Dr. Darvin Hege, MD, PC, is based in Atlanta, Georgia, and certified by the American Board of Psychiatry and Neurology, and the American Society of Addiction Medicine. He is an Emory Hospital residency trained psychiatrist who has been practicing psychiatry for more than 25 years. He maintains over 50 hours of AMA certified education each year to stay informed of advances in psychiatry.
Confidential diagnosis and treatment. No third-party invasion of your privacy.
Flexible & convenient appointment times. Same-day and weekend appointments available.
Affordable self-pay fees. No insurance company or managed care interferes with your treatment.
Specializes in adult psychiatry, ages 18-64 only.
2150 Peachford Rd
Atlanta, GA 30338
Dr. Hege provides treatment and diagnoses for patients with a variety of conditions. Read more about each area below, and please contact us to take the next step toward improving the quality of your life.
ADHD and ADD in adults may be shown to have one to a combination of hyperactive episodes, with periods of inattention and deficits in ability to effectively focus on a task or activity. Right now adult women in their 20s and 30s are in the fastest growing population of those receiving treatment for ADHD/ADD. In addition, more and more previously undiagnosed parents with ADHD/ADD are finding proper treatment significantly improves their consistency with discipline, problem solving during conflict situations, and being able to provide praise and a positive home environment. While there is no cure, receiving the correct diagnosis and treatment for adult ADHD or ADD will allow you to take advantage of your strengths while minimizing the negative impact that ADHD/ADD symptoms may have on your life.
The diagnosis of depression is also known as major depression, major depressive disorder or clinical depression. Approximately 3 out of 10 U.S. adults are affected by depression with new research documenting there are multiple triggers, such as chronic stress, which show depression has more deeply rooted causes than previously thought. Common symptoms of depression include loss of interest in life, feeling sad, helpless and hopeless, as well as sleeping too much or not being able to get enough sleep. Those with depression may also complain of lack of energy, general body aches and pains, difficulty with concentration or decision making, as well as having poor ability to make it through their regular daily routine and activities. Depression left untreated leads to emotional, cognitive and physical problems that affect not only the patient’s life, but the lives of family, friends, and co-workers.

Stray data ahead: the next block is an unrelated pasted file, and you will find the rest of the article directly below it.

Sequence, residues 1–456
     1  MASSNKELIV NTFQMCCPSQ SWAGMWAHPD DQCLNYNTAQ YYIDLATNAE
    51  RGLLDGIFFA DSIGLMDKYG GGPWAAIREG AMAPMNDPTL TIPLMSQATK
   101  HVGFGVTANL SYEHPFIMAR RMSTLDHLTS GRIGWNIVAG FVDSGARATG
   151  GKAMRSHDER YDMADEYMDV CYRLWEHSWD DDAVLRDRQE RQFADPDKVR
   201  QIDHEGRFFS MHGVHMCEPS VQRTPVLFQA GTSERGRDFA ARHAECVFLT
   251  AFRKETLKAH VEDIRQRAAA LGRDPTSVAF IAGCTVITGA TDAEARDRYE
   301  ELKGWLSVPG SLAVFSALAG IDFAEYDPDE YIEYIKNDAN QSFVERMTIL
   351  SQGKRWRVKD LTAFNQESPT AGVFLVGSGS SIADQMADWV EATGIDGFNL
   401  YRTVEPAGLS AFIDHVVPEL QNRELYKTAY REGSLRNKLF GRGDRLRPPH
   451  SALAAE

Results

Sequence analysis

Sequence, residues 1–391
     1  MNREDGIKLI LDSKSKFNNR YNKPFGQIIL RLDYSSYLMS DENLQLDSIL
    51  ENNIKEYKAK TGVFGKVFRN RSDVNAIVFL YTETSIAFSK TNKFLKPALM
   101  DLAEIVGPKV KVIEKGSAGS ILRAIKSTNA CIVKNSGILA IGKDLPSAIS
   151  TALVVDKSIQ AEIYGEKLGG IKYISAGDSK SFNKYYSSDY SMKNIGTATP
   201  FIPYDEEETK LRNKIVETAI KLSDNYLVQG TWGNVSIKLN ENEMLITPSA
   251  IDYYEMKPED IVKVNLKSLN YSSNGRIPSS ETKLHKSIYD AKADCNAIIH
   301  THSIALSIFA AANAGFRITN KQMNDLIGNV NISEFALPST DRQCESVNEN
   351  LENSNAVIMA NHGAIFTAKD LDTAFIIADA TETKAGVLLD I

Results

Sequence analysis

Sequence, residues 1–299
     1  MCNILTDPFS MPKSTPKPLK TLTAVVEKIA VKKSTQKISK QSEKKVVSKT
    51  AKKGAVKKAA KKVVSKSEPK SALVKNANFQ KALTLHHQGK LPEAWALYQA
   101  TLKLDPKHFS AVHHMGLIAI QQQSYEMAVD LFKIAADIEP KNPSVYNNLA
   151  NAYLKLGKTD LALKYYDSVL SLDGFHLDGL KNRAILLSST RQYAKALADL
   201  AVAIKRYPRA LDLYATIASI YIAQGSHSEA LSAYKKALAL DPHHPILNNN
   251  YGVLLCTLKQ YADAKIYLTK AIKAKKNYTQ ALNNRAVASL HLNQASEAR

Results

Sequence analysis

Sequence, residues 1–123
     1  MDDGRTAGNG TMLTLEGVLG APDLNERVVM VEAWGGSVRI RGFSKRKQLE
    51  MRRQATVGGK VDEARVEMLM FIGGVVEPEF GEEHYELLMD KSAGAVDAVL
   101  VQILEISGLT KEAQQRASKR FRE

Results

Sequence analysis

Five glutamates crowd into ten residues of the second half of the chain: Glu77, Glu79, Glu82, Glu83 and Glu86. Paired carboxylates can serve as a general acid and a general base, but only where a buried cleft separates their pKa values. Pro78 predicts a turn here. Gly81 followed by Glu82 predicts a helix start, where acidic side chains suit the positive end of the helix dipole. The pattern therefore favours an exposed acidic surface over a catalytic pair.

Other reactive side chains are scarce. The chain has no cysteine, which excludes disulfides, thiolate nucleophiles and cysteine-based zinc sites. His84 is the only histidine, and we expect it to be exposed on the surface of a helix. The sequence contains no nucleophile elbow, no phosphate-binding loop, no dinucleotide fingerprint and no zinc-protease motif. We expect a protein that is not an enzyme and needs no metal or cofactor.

Panic and anxiety attacks usually come on abruptly within a span of a few minutes and may last for hours, days and weeks. Thousands of suffers may first hear they have a panic or anxiety disorder when they are in the ER for what they felt was a heart attack. Panic attacks mimic several types of medical disorders including heart disease, severe angina, respiratory distress, as well as disrupting the normal functioning of the body’s organs. The diagnosis of panic attack includes the occurrence of several symptoms which include heart palpitations, chest pain or discomfort, shortness of breath, numbness and tingling of arms, legs or body parts, fear of dying, sweating or chills, GI issues, as well as numerous other complaints.
The diagnosis of having true bipolar disorder is often misdiagnosed as patients typically do not seek out help until they are in the depressed phase of their bipolar cycle. The doctor may see the patient’s depressed state and incorrectly prescribe treatment medication for depression. In patients with bipolar disorder manic episodes alternate with the emotional lows, or depressive episodes. Many typically experience dramatic mood swings from emotional highs to emotional lows. Bipolar disorder is a biological illness that requires lifelong treatment with specific medications. An accurate diagnosis is critical as misdiagnosis can adversely impact a patient’s and their family’s lives for up to a decade, if ever, before the proper diagnosis is made.
PTSD is most often seen as a “war-time” disorder; however, PTSD is a serious disorder that affects more than 30 million adults in the U.S. who have not experienced military action but have experienced a situation or event that was traumatic to them. In addition women are twice as likely as men to have PTSD with symptoms that may last for weeks and months, with the symptoms typically making you feel worse with the passage of time. The three main symptoms reported for PTSD are 1) re-experiencing the traumatic event over and over in your mind, 2) avoidance of any reminders of the event and feeling “numb” to emotion, and 3) increased anxiety and emotional turmoil.
Contact us today to schedule an appointment.